I have a tendency to fall in love with girls at first sight, even before I really know a lot about them. The same could be said about my affection for certain movies sometimes. Quite a few of the films on this list I was in love with even before knowing much about them. I had heard growing murmurs about this strangely titled film over the summer of 2010, so much so that I started using the phrase “exit through the gift shop” when describing leaving or going somewhere. I knew nothing about it, but once it became available to watch at home, I jumped right in. I was hooked instantly! The opening credit sequence with the poppy music and montage of all these street artists doing their thing and getting chased by cops. It was fascinating, it was engaging, entertaining. Something new I had never really seen or paid attention too before. And this was only the very beginning. As the layers of the onion began to get peeled back and I was introduced to all these new & fascinating personalities, and amazing works of art and was shown the risk that went into making them, I loved it even more. It was unbelievably inspiring and eye-opening. Then as it got further and further into the “story” and my brain started ticking as I began to see the amazing depth & trick Banksy was pulling over me and everyone else, I just completely lost it. I was so happy to be awakened, inspired, and pranked. The very next day after thinking about the film all night and morning, while driving in downtown San Diego, I spotted one of Space Invader’s tile mosaics on the way to a stop for work. It just made the movie even more real to me and stimulating. A few days later I found more of Invader’s work. And then more. And then more & more. It was every where. And not just his. My eyes were really open now in a whole new way, and I think I’ll forever see the world differently because of this film. I have a whole new deeper love, appreciation, and respect for art of all kinds and all mediums. Paint. Music. Comedy. Writing. Film. They’re all just trying to get their feelings out. We all just want to be noticed.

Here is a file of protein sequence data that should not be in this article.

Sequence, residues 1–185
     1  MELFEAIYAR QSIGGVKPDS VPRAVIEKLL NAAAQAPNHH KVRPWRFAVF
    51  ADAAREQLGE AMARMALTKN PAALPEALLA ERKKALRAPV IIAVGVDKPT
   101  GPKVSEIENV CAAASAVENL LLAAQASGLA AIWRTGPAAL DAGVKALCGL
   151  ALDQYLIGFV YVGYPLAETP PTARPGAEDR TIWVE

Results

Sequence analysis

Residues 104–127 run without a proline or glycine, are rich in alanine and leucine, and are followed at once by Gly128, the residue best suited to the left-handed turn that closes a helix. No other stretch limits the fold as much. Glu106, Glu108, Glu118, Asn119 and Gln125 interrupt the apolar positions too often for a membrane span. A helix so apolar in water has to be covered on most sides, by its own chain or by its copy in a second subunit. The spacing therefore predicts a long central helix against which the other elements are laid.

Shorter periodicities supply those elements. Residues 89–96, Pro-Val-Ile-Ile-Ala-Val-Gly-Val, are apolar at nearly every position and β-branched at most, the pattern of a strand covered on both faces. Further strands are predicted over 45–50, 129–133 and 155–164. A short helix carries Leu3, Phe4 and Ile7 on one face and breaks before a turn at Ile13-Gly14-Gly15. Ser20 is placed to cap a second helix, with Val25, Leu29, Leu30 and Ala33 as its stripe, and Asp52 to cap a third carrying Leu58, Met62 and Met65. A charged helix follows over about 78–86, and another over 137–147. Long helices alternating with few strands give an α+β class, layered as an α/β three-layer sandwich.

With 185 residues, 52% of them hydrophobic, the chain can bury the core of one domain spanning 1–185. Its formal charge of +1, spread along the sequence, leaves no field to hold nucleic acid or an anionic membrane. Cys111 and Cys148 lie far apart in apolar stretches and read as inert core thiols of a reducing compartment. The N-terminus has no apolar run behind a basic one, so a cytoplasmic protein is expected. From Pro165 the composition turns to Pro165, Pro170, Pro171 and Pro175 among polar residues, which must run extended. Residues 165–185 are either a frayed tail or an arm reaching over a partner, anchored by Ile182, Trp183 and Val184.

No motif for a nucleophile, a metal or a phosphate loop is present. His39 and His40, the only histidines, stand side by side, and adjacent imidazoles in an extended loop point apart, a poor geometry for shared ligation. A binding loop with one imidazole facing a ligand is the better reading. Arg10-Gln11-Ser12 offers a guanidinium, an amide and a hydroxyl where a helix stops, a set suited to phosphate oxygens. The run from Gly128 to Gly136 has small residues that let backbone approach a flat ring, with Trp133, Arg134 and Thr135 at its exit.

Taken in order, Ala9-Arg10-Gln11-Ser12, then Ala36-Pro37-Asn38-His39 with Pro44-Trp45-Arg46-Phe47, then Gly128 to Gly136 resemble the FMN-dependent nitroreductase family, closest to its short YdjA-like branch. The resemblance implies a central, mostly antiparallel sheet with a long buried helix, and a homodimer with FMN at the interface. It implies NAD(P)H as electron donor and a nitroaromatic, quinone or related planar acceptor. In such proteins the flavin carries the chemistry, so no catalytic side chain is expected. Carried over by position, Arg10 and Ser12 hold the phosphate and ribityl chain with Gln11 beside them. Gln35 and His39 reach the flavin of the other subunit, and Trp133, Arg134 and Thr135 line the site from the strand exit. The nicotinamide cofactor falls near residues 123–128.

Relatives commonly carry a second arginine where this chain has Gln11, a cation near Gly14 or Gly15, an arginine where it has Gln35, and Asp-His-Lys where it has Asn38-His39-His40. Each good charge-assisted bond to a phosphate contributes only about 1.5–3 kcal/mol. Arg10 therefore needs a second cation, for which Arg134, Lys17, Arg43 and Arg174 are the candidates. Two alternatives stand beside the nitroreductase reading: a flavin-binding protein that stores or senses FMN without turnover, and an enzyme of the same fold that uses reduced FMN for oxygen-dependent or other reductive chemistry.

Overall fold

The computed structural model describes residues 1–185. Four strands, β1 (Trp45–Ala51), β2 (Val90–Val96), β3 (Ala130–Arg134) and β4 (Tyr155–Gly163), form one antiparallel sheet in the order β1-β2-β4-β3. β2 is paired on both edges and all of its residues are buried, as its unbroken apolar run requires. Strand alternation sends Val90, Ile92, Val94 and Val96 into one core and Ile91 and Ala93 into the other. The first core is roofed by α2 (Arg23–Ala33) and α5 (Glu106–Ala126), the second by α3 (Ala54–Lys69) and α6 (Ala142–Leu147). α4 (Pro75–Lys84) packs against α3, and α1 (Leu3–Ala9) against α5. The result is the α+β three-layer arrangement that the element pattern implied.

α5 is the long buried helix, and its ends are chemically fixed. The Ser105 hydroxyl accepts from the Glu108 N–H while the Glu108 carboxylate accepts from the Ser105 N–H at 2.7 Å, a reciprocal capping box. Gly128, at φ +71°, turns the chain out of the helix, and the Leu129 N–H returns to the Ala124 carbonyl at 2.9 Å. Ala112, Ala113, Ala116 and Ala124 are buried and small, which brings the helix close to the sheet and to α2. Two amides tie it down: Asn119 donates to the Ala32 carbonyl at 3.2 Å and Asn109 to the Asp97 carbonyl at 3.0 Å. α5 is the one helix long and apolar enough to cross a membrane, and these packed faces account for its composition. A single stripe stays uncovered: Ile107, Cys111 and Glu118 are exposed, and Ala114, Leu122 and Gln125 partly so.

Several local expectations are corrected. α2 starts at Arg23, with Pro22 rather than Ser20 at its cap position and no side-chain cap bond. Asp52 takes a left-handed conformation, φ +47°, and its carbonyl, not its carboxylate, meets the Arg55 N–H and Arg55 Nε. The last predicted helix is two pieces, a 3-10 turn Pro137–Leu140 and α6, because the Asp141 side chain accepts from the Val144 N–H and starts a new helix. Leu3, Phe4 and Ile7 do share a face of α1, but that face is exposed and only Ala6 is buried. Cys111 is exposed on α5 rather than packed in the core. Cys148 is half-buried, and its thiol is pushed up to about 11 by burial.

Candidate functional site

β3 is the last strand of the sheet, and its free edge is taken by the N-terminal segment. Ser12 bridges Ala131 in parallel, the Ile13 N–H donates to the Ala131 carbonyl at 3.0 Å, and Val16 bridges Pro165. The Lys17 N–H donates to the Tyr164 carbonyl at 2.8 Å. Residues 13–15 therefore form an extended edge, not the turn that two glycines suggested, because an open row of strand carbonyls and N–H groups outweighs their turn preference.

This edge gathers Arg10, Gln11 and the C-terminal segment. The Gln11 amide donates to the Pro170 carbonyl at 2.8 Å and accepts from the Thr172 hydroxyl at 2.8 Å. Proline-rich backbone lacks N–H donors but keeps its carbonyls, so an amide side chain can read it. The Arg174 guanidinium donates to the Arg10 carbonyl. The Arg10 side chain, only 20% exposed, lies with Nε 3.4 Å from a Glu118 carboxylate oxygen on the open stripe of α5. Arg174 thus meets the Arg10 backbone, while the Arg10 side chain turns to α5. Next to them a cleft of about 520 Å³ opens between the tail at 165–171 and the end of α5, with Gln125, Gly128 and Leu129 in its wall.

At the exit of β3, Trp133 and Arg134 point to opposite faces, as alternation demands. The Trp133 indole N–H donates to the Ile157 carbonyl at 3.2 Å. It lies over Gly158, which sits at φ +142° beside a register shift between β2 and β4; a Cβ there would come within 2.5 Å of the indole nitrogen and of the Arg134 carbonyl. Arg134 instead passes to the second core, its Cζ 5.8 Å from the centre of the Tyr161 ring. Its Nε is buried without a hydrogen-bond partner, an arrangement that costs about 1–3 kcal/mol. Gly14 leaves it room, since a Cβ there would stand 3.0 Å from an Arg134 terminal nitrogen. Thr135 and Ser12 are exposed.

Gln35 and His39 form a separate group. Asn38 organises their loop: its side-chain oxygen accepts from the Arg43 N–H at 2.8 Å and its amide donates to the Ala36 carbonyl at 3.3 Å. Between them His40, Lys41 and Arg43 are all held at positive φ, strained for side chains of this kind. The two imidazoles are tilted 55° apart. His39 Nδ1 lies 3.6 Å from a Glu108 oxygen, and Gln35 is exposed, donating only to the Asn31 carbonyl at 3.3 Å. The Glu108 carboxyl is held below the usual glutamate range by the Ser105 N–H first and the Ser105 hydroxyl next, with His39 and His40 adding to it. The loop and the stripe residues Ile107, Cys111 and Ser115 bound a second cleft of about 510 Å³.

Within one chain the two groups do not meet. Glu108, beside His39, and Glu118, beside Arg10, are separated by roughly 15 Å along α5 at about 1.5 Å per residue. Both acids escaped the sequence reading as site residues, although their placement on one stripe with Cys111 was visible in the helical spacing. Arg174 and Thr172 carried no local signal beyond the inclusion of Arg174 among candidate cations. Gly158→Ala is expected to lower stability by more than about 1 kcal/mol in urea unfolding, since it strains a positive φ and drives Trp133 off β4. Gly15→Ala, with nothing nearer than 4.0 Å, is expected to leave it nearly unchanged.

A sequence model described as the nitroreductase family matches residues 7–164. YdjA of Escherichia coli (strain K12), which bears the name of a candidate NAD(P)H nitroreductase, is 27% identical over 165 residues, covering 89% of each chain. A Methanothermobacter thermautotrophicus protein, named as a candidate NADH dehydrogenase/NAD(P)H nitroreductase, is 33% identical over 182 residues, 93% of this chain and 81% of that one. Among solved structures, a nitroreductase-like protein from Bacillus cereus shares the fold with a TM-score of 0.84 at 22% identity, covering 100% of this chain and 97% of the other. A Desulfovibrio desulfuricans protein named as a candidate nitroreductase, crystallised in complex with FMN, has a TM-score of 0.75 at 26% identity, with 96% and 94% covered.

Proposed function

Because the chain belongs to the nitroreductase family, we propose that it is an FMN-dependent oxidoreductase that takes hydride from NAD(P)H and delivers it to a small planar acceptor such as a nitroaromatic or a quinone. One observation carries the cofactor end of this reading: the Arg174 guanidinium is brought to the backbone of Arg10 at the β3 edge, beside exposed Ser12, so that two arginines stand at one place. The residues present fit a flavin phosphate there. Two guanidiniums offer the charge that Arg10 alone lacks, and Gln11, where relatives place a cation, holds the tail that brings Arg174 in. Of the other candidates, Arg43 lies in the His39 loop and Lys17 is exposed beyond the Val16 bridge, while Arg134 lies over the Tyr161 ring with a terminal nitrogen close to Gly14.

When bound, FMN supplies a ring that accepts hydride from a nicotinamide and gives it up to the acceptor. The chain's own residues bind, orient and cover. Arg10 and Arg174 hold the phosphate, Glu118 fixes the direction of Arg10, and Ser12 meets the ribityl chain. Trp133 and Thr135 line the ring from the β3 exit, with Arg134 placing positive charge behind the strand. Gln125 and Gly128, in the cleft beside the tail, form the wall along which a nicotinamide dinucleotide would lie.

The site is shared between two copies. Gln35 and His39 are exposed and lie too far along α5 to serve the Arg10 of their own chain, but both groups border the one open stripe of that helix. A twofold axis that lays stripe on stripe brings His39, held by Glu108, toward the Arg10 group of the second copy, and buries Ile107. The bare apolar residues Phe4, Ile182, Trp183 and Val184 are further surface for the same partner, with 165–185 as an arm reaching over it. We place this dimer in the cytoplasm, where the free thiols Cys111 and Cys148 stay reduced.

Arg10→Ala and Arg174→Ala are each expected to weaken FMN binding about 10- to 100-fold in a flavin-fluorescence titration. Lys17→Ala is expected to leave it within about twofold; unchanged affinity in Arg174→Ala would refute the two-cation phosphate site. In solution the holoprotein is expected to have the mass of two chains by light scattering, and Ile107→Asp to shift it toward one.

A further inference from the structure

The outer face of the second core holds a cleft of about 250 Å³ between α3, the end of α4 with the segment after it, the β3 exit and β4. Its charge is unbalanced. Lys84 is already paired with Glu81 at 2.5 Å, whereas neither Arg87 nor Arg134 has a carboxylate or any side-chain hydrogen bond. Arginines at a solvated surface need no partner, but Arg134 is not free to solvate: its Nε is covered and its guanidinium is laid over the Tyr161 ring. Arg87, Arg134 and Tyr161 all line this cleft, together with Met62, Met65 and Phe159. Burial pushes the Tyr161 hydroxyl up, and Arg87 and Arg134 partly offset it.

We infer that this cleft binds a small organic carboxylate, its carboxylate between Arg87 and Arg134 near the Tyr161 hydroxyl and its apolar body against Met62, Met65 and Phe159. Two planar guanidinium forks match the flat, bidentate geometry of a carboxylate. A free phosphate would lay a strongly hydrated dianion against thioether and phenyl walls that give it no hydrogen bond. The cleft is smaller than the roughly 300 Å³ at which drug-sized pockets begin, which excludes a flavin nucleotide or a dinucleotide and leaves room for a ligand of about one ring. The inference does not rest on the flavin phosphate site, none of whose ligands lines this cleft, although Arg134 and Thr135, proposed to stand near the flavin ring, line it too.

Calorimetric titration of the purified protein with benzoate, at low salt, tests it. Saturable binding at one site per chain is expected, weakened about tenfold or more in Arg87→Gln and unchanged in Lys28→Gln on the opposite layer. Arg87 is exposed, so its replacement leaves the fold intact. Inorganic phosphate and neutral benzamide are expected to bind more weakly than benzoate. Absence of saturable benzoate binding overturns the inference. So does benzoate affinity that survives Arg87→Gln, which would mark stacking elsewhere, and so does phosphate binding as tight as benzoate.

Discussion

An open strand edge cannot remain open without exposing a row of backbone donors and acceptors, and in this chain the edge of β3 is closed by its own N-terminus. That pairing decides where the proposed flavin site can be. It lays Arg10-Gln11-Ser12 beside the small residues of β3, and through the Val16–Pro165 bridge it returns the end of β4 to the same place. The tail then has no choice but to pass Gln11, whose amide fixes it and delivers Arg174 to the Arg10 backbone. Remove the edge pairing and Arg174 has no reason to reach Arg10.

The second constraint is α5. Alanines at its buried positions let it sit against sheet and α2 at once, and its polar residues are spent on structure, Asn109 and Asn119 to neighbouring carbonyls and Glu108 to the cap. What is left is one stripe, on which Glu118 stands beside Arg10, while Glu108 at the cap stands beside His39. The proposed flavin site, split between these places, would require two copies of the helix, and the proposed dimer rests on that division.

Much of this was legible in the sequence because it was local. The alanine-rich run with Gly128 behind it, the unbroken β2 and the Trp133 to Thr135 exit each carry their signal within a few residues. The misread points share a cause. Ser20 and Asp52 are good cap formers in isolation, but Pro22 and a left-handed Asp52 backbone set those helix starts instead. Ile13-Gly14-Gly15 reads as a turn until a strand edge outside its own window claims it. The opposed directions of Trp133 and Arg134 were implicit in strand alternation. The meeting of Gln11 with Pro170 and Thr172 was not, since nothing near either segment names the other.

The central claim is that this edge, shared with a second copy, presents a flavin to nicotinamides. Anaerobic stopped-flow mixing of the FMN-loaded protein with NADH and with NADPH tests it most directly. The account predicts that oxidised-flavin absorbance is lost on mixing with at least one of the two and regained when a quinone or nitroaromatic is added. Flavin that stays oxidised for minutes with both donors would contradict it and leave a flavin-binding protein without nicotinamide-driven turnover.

4. “Chasing Amy” Directed by Kevin Smith. 1997.